A Canada-style agreement would allow the UK to leave the EU institutions, end freedom of movement and strike new trade deals elsewhere in the world.

Critics say that the model would severely restrict access to European markets for the UK's vital service industries - particularly the financial sector. But the option's fans say services could be included in what they term a Canada-plus-plus-plus deal.

Ministers warn that it would not resolve the backstop problem, as Brussels would still demand the North remains in the EU customs area to avoid a hard border.

The 'Norway option'

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Some supporters of a "soft Brexit" argue that the UK should take its lead from the members of the European Free Trade Association (Efta) - Iceland, Liechtenstein, Norway and Switzerland - and seek a close relationship with the EU short of full membership.

As a member of the European Economic Area (EEA), Norway enjoys full access to the internal market for most trade in goods, but must implement the bulk of Brussels regulations without having a say in its decisions. It also pays substantial sums into the EU budget.

Switzerland, which is outside the EEA, has a more remote relationship with the EU, based on dozens of bilateral agreements which must be constantly updated. The Swiss are required to follow EU laws in areas which give them access to the single market but make much lower contributions to Brussels budgets. Crucially, the arrangements do not cover services.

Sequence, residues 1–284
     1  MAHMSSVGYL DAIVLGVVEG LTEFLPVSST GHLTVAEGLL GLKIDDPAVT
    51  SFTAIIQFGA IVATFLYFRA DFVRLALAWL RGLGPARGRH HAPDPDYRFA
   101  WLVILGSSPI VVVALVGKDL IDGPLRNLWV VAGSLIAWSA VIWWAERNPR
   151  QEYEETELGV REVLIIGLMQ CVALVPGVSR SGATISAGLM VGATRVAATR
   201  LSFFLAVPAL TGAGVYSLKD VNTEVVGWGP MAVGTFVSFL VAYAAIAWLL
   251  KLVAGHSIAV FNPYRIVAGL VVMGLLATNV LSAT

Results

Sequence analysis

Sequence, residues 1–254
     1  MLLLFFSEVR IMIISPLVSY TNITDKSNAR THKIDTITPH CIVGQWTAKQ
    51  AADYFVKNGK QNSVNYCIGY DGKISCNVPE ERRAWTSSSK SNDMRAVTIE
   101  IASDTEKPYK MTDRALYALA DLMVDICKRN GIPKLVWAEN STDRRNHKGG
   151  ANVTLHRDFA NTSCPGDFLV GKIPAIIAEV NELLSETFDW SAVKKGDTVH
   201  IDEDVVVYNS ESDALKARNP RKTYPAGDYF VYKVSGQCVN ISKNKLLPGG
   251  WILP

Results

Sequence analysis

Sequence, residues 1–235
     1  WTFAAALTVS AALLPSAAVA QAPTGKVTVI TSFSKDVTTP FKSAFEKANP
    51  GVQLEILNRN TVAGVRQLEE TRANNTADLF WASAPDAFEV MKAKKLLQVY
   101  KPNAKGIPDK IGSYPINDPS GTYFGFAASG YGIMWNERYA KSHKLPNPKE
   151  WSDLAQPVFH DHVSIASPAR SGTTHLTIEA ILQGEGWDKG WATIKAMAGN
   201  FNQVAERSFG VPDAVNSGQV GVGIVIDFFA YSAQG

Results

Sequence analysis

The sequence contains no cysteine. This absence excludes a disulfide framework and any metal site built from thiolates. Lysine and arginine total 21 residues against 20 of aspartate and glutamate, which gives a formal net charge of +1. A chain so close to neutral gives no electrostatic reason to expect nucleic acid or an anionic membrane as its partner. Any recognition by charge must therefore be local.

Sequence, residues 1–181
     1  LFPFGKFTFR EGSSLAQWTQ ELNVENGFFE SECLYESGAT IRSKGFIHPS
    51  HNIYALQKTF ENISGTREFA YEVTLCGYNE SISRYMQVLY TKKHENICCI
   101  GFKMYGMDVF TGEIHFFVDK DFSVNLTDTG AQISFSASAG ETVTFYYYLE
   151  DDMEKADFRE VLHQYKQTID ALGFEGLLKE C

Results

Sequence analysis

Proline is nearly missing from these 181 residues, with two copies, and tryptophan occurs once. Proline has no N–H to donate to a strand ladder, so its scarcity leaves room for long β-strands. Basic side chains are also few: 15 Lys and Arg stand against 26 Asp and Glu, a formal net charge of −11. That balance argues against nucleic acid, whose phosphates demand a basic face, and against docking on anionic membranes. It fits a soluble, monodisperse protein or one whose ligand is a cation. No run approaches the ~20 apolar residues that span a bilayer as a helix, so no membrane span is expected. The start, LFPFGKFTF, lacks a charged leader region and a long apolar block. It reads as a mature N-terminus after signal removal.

Proposals for a "Norway-style" option often envisage a single market and customs union relationship with the EU after Brexit, but the Efta states are actually not part of the customs union. It is far from clear that existing Efta members would accept a UK application to join.


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If the UK chose to abandon Brexit - either through a second referendum or by simply revoking its Article 50 notice of withdrawal - before March 29, it would retain its membership of the EU under existing terms.

Trade with EU neighbours would continue to be free of tariffs and non-tariff barriers under single market rules, and UK and EU nationals would retain the right to work and settle in one another's countries. The UK would keep its seat in the EU's decision-making bodies and hasty arrangements would have to be made for the election of MEPs in May.

The UK would be subject to ECJ rulings and would continue to make contributions to Brussels budgets, currently running at around £9 billion a year net, but the "divorce bill" would no longer be payable. Future trade deals would be made as part of the EU bloc and not bilaterally.

If the UK applied to rejoin after the Article 50 deadline has passed, it would have to go through a lengthy accession process which would almost certainly involve giving up the rebate negotiated by Margaret Thatcher, as well as opt-outs in areas such as justice and home affairs. It could be required to join the Schengen free movement area and the euro as part of the price of readmission.